Welcome to Flagstaff, AZ. We have big skies, beautiful mountains, full seasonal changes, and an extremely harsh climate for string instruments! Our humidity can get down into the single digits, and the wide fluctuations can significantly irritate guitars and other things made of wood. Average humidity charts for our region are of no help in assessing the climate for our purposes because the primary concern is the wide variations from day to day, and our humidity is highly variable. Please keep reading for more information and tips to keep your instrument happy.
Proper Care & Feeding:
Stability is the key. A good solid case will help keep your instrument more stable. When not playing, your guitar should be in its case (unless you keep your instruments in a climate-controlled room.) Climate fluctuations are hard on guitars, and quick changes are worse. For instance, if you remove your instrument from a cold car, leave it in the case for an hour so its temperature can equalize with the room.
- The fingerboard and bridge should be oiled and conditioned at least 3-4 times per year. Screws and gears should also be checked and tightened with the same frequency. Most guitarists bring in their instrument for a full setup 1-2 times per year, while making their own minor adjustments even more frequently. (You can learn about making your own adjustments here.)
- If you are experiencing a lot of string breakage, make sure you have enough windings on the tuning posts and that there aren’t any sharp spots, or burrs on the saddle. If they are still breaking often, try working on your right-hand technique. Going between alternate tunings can cause excessive string breaking too.
- Keep a case humidifier around at all times. The monsoon season is really the only time of the year you can reduce your humidifying. Although the humidity rises slightly during the winter months, the heater in your house dries out the air. Because of this, winter can be the harshest time for guitars.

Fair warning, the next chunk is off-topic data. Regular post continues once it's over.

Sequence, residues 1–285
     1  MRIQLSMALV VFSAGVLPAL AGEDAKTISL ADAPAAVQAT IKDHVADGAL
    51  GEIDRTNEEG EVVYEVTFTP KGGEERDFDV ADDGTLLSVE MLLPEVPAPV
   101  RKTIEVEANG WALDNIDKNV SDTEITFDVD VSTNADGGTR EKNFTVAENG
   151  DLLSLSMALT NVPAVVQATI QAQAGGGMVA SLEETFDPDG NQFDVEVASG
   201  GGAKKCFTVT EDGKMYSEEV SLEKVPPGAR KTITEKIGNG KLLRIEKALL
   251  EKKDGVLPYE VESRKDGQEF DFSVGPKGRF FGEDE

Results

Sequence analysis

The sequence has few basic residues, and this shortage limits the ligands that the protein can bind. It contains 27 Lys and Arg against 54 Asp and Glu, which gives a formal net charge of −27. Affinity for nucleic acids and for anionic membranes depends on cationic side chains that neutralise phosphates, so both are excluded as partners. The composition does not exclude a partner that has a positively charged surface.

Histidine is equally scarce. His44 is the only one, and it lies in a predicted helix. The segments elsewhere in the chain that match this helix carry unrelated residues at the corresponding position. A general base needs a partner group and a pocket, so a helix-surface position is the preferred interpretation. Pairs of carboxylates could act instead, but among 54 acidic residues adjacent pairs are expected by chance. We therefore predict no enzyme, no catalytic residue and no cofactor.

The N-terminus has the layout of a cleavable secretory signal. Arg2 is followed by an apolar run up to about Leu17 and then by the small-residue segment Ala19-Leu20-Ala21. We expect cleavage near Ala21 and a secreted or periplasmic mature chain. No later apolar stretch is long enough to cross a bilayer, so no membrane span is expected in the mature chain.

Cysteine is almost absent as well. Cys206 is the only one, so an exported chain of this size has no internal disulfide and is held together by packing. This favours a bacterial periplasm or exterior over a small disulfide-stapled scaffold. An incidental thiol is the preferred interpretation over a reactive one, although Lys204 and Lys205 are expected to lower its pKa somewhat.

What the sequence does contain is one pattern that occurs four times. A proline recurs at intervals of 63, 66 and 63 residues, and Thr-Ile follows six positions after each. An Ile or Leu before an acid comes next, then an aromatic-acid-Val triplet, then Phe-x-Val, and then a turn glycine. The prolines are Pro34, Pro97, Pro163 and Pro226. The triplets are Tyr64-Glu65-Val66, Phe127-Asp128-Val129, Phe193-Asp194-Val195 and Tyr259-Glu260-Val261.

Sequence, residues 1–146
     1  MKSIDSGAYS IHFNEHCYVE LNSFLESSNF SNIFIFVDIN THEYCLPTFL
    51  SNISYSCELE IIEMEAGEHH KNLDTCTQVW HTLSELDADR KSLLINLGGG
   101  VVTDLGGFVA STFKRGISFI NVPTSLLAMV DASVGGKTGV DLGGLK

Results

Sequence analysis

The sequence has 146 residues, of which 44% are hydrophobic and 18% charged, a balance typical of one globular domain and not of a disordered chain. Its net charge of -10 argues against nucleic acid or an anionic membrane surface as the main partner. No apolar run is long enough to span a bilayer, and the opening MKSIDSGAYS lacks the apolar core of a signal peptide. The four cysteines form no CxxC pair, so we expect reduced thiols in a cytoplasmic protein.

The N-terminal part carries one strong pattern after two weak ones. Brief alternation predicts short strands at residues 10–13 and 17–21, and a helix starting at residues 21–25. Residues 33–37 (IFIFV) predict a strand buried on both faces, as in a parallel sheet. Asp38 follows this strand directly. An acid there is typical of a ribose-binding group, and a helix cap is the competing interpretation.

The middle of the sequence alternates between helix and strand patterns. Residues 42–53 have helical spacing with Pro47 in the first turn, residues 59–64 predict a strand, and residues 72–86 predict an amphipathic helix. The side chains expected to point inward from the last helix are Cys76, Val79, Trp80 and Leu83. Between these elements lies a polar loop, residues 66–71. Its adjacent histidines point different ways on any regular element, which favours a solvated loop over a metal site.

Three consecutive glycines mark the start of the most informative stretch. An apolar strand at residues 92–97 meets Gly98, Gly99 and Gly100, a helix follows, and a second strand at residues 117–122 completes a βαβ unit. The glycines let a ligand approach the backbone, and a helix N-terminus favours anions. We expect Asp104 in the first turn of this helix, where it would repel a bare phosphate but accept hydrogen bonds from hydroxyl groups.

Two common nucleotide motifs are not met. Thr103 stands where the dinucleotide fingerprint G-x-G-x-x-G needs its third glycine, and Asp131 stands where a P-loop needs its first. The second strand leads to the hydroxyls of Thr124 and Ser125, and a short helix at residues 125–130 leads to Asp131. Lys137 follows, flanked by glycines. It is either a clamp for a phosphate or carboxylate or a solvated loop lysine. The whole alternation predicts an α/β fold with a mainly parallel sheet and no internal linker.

Without getting into a long discussion about what Relative Humidity is and how it’s calculated, just know that the sweet spot for guitars and other string instruments is 40% – 50% RH. We constantly monitor the humidity of our shop and store with four room-humidifiers and three hydrometers placed throughout the shop.
When a guitar dries out, all sorts of bad things happen. As wood dries it shrinks, and the various wood parts in the guitar shrink in various directions, pulling on each other in different ways. This causes the entire instrument to fight against itself, making it tighten up and becomes less resonant. The neck angle will start to shift and the top will sink, causing the strings to get lower and start buzzing on the frets. Finally, the instrument will start to crack and become unplayable.
Here in Flagstaff, when the sky is clear and a breeze is blowing, humidity can go into single digits. This is absurdly low, for humans and especially for delicate instruments made of wood. During certain parts of the year, the next day can bring monsoon weather creating high humidity. These changes are extremely rough on guitars. Keeping your guitar in a case will help insulate and stabilize it from these fluctuations. There are many different ways to humidify your instrument. Bring it by the shop or give us a call to discuss which option is best for you.
Let’s dispel some of the most common rumors:
- “I should change my strings one at a time to keep tension on the neck.“ Your guitar was built without strings, and most repairs require removal of all the strings, sometimes for an extended period of time. All strings need to be removed to oil and condition the fingerboard. Complete restringing and adjustments will keep your guitar from tightening up, tonally speaking.
- “I don’t worry about humidity issues because I have a really nice, well-made instrument.“ The opposite is typically the case. High-end, solid-wood acoustic guitars are usually more sensitive to humidity changes.
- “I can acclimate my guitar so it won’t need humidification.“ This really depends on the guitar, and if you plan on trying this, expect to pay for some major setup work and crack repairs during the 7-10 years it will take your instrument to “acclimate.” Some old guitars seem to have stabilized to a degree, but they certainly had unstable lives at one point. Specifically speaking, however, no instrument can be truly acclimated to such a drastically variable climate, and wood will warp and crack when exposed to extreme dryness for a long enough period.
Heat is much worse than cold. Not only does heat cause changes to occur more rapidly, it also effects the glue joints… and almost your entire guitar is held together by wood glue! Leaving a guitar in a hot car can easily cause braces to come loose and bridges to start pulling off, in addition to other detrimental problems. The back window or trunk of a car can reach 180 degrees Fahrenheit in the summer (even hotter in places like Phoenix.) Leaving your guitar in a freezing car over night probably won’t do any damage (although it’s highly discouraged) leaving it in a vehicle on a summer afternoon can cause hundreds of dollars of damage within an hour. Leaving your guitar case in the direct sunlight can have a similar effect.